The application 40 receives the management_object(n,2,2) from the e-service 24 and relays it to the manager 42. Upon completion of its handling of the request(n,2) and receipt of the response(n,2,2), the application 40 transfers the response(n,2) back up to the e-service 20. The manager 42 assembles the management information associated with the servicing of the request(n,2) by the e-service 22 into the management_object(n,2). The manager 42 also uses the value of the variable n to combine the information from the management_object(n,2,2) into the management_object(n,2). The combining of the management information may take any form such as the tallying indicators and/or the summation and/or concatenation of parameters as appropriate to name a few possibilities.

Although not shown in FIG. 3, the manager 42 additionally combines the information from the management_object(n,2,1) into the management_object(n,2). The manager 42 then transfers the management_object(n,2) to the application 40 which relays the management_object(n,2) back up to the e-service 20.

The applications 40 and 50 and the managers 42 and 52 are adapted to underlying execution environments of the e-services 22 and 24. For example, if the e-service 22 provides a Java environment then the application 40 and the manager 42 may be Java servlets. If the e-service 22 is a platform that employs a particular operating system, then the application 40 and the manager 42 may be application programs that run under the particular operating system. Communication between the applications 40 and 50 and the corresponding managers 42 and 52 may be accomplished using any known mechanism that is enabled by the underlying execution environment. The managers 42 and 52 may make use of underlying system utilities for gathering and recording management information.

The techniques disclosed herein may be implemented using any underlying execution environment or hardware/software platform for the e-services 20–27. The e-services 20–27 may be implemented on different machines or any one or more of the e-services 20–27 may be implemented on the same machine. In addition, the e-services 20–27 may be implemented using different underlying environments. For example, the e-service 22 may be implemented in a Java environment whereas the e-service 24 may be implemented in a windows environment so long as a appropriate common format for the management_objects is used.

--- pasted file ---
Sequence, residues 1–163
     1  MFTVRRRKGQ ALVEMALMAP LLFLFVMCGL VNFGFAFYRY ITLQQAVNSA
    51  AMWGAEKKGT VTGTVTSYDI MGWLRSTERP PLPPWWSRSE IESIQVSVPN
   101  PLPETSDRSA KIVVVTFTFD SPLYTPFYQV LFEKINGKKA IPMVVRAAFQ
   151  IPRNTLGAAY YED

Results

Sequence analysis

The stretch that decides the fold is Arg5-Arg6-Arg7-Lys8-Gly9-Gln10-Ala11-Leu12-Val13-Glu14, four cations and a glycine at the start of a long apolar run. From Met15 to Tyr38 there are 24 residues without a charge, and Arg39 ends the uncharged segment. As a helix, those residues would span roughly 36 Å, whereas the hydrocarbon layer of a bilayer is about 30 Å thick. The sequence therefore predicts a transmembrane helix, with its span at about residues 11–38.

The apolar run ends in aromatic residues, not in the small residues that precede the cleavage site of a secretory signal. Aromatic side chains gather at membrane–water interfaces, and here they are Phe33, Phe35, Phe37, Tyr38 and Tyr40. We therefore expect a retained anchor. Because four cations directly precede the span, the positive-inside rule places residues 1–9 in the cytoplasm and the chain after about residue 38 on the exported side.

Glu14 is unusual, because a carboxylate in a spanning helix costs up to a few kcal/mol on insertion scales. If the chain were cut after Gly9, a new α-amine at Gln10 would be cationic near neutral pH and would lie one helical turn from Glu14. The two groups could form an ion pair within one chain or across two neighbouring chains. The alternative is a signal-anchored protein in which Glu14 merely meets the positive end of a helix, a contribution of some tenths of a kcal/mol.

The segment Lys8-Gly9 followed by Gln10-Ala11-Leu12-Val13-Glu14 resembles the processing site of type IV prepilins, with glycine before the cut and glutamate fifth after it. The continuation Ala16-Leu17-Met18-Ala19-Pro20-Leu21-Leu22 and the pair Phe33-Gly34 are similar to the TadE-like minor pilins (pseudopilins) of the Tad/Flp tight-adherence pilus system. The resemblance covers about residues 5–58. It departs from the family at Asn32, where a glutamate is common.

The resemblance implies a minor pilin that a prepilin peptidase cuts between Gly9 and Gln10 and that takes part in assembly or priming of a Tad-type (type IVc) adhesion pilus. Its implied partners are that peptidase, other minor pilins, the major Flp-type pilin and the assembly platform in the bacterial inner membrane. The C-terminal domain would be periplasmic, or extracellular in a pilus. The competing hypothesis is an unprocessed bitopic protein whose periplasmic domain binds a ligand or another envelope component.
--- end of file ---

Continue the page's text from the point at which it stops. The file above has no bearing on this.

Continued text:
The information gathered by the managers and assembled into management_objects may include any number and variety of parameters that are useful in management of composite e-services. Examples include the time it takes for an e-service to complete a request, indications of errors (hardware and/or software) that occurred while servicing a request, costs associated with the servicing of a request, security violations that occur during the servicing of a request, and resource usage associated with the servicing of a request, to name a few examples. Any type of format may be employed for a management object. The following is one example of a management_object which is an XML document.

<MANAGEMENT_OBJECT>
<Events>
<ITEM>
<EVENT_TYPE>E-service Exception
</EVENT_TYPE>
<AT_TIME>
34678909
</AT_TIME>
<MESSAGE>
e-service1.com Unavailable
</MESSAGE>
<EVENT_TYPE>
E-service.Success
</EVENT_TYPE>
<MESSAGE>
</ITEM>
<ITEM>
E-service2.com
successfully accessed
</MESSAGE>
<AT_TIME>
34567804
</AT_TIME>
</ITEM>
</Events>
<PERFORMANCE>
<ITEM>
<E-service_ACCESSED_URL>
http: //www.e-
service2.com
</Eservice_ACCESSED_URL>
<ACCESS_DURATION_SECS>
1005
</ACCESS_DURATION_SECS>
<ACCESS_TIME_OFTHEDAY>
 12457890
</ACCESS_TIME_OFTHEDAY>
</ITEM>
</PERFORMANCE>
<SECURITY>
<FIREWALL_TRAVERSAL>
YES
</FIREWALL_TRAVERSAL>
<FIREWALL_AT>
http://e-service2 com
</FIREWALL_AT>
</SECURITY>
</MANAGEMENT_OBJECT>

The foregoing detailed description of the present invention is provided for the purposes of illustration and is not intended to be exhaustive or to limit the invention to the precise embodiment disclosed. Accordingly, the scope of the present invention is defined by the appended claims.

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Classifications
U.S. Classification709/223, 709/201, 709/243, 709/218
International ClassificationG06F15/16, G06F15/173
Cooperative ClassificationH04L41/0213, H04L2463/101, H04L41/00, H04L41/046, H04L63/10, H04L41/50, H04L12/24, H04L41/5054
European ClassificationH04L63/10, H04L41/50, H04L41/50G4, H04L41/00, H04L12/24